Mar 23, 2012

Playing Games

Mary Pols, a TIME columnist, wrote a piece appropriately entitled “Why I'm NOT Taking My 8-Year Old To The Hunger Games.” If you are reading this, I’m guessing (at the very least) your secondary address is “under a rock.” Thus, like me, you have neither an 8-year old nor a clue as to what The Hunger Games is.

But, just like there is no need to run out and adopt an 8-year old so you can deny them life experiences, there is no need to view the film The Hunger Games to play along with this post. Here is my secondhand summary of the book-turned-movie: in a post-apocalyptic world (surprise!), teens are sent – via a government-sanctioned lottery – to the wilderness where they battle each other to the death while on the TV. According to people who have time for this nonsense, themes of this story include oppression, poverty, self-preservation, power, and downfall.

If that's the case, maybe everyone should skip the box office and just let the 8-year olds talk to anyone over 35.


Pols points to the film’s vivid violence as the main reason why THG is inappropriate for youngsters. An illustrative quote:
Nearly two dozen kids aged 12 to 18 die by machete, sword, blows with a brick, a spear to the chest, arrows, having their necks snapped. All damage inflicted by each other.
And we thought WE had it rough with dodge ball in junior high gym class. Ah, those halcyon PRE-apocalyptic pubescent years.

As extreme as this violence sounds, me thinks Pols needs to pop a pill. And I should know as I am an expert…on film violence, not pills. You see, I was raised on horror and graphically violent films, which is precisely why I spurn them as an adult. My mom, who mad-crushed on Tom Savini and named my younger brother after the lead character in A Clockwork Orange, watched them with us and explained things like “special effects” and “imagination” to me and my siblings. In hindsight, I think it was a valuable life lesson. I mean, we may have grown up into a bunch of fucking weirdos but, as kids, we were never frightened or fooled by movie magic like stunt fighting or elaborate makeup.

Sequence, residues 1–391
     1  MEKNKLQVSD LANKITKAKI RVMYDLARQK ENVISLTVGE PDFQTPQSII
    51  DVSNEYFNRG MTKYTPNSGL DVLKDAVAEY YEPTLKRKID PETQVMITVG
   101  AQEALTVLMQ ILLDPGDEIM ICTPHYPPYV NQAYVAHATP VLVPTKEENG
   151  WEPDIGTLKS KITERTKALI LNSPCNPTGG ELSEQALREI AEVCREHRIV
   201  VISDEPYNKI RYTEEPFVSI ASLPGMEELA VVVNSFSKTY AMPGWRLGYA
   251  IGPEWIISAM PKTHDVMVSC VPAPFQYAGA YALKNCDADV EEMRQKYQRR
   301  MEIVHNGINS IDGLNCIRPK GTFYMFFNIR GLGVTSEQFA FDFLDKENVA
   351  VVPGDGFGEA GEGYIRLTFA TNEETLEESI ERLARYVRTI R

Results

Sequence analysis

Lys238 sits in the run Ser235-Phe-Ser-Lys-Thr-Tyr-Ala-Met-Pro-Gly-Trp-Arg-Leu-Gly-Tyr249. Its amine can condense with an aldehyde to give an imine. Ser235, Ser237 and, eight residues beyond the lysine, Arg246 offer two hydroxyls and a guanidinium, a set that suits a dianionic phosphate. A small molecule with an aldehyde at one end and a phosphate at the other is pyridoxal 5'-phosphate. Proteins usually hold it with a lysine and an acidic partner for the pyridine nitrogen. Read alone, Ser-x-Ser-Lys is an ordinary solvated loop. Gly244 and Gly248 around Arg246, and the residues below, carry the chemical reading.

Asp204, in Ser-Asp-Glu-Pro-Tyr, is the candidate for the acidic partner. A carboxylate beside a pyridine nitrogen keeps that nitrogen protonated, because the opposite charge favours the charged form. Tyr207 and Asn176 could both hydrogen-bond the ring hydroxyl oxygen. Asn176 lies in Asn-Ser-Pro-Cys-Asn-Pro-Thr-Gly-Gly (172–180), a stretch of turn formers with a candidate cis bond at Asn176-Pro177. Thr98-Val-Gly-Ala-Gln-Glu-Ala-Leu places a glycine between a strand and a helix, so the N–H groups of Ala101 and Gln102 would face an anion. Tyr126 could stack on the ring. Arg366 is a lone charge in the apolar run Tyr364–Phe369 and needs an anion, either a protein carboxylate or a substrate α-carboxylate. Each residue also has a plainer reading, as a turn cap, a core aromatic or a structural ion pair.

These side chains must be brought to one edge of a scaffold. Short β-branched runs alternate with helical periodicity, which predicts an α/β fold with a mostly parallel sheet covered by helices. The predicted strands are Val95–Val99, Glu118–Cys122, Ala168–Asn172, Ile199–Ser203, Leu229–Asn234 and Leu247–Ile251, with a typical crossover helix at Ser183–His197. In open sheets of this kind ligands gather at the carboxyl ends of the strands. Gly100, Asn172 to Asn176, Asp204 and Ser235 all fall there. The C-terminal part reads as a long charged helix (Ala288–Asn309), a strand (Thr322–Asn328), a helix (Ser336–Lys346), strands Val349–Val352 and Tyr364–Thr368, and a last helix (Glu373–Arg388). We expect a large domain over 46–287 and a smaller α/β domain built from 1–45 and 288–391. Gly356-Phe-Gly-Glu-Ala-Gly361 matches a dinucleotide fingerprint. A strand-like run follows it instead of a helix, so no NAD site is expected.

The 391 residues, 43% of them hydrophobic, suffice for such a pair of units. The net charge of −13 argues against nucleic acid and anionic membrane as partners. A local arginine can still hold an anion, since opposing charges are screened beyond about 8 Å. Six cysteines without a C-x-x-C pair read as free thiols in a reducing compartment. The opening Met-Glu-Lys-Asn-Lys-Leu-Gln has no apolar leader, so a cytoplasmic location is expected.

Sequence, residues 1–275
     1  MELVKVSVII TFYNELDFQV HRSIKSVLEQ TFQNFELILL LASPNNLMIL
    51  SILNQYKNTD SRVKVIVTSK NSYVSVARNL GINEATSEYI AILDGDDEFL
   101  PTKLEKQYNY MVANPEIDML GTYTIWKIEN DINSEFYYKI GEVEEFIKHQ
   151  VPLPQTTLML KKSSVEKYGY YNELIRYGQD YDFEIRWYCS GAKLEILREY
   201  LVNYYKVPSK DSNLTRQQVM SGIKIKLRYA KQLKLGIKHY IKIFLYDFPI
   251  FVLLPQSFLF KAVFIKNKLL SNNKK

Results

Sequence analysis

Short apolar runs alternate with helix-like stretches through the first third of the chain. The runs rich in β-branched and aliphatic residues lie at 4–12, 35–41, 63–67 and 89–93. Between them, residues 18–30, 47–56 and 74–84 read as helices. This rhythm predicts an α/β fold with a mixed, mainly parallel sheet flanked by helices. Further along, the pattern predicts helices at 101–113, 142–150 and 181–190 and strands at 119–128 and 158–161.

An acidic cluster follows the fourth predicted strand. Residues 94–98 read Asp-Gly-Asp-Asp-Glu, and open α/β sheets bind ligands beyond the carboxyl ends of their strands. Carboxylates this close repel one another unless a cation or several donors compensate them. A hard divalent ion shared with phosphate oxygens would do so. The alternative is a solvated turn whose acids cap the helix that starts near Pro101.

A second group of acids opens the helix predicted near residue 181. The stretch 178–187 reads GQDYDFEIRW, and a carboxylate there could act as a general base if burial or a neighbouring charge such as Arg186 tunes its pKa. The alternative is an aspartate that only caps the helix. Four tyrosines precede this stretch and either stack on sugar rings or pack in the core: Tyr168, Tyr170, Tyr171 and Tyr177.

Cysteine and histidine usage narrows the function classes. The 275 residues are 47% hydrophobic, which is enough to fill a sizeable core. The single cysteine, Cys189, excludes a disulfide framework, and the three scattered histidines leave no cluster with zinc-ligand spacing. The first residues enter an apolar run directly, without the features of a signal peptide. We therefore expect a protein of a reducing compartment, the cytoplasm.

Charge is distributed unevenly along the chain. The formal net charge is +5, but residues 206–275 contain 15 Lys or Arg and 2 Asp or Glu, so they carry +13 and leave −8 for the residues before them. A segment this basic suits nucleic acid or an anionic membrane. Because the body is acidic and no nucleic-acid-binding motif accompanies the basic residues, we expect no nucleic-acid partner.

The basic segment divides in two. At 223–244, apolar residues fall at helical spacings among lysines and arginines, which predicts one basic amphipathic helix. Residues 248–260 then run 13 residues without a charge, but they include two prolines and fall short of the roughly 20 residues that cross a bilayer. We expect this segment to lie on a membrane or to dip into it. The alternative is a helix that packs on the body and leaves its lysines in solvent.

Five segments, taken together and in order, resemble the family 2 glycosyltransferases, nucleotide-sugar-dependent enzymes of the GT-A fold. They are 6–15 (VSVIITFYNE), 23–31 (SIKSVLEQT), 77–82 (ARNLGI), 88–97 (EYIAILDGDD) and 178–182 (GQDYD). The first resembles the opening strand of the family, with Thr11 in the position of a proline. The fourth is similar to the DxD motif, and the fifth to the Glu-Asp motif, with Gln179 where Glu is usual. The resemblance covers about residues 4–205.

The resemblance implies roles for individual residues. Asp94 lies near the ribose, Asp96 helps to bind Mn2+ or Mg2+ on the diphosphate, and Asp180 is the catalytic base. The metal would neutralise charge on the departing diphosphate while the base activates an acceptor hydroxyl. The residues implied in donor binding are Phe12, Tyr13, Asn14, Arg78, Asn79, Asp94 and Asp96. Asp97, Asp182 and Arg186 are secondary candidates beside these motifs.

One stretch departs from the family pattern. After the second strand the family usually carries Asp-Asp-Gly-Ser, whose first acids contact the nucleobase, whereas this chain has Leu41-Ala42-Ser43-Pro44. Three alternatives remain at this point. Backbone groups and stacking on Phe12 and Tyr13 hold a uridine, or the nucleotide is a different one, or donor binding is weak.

Perhaps Pols can take comfort in the anecdotal evidence that exposure to gore at a young age completely turned me off to it in later years. Really, I couldn’t care less if my eyes never see “fantasy violence” again. Furthermore, I feel the experience has contributed to my character in several other positive ways. For one, it has helped me develop one of my more special talents: the ability to give sarcastic running commentary during horror films thus spoiling the fun for anyone who generally enjoys the genre.

And this baptism by celluloid carnage has also deepened my dark sense of humor, which a few oddballs actually appreciate. True story: I once chased a Jehovah’s Witness around with a bag of fake blood saying “I’m going to transfuse you!” in the most Dracula-esque accent I could summon. Though, in that context, my actions were more along the lines of psychological/spiritual thriller than horror. But, I digress.

So, having established my authority on the subject, I've got a message for Pols and any other adult who is about to forbid their kid a ticket to see The Hunger Games. There is obviously a shitload of peer-pressure on pre- and young teens to see this film. If you don’t take them, they will find a way to see it without you. And if this crap really does cover the themes it is purported to, your kids will need you there to explain it to them. So take them; turn it into a teaching moment. And, while you are at it, seize that opportunity to also explain that movies are not real, that violence is usually unnecessary, and that junior high gym class really isn’t that bad.


  1. Meh I read all 3 books and saw the movie and didn't think it was violent enough. Probably cause the wanted it pg13.....yeah that lady needs to chill out. We were watching rated r movies when we were teething.

  2. That's why we're mental. Watching R-rated movies and drinking blood juice will do that to ya. Oy.

  3. You are right, I wasn’t too concerned about Hunger Games, my mother on the other hand, who has NO idea that saw my first rated R movie at 12 (The Hunger, with David Bowie) and was drinking blackberry brandy in those orange tupperware cups with the lids was worried. I told her to chill!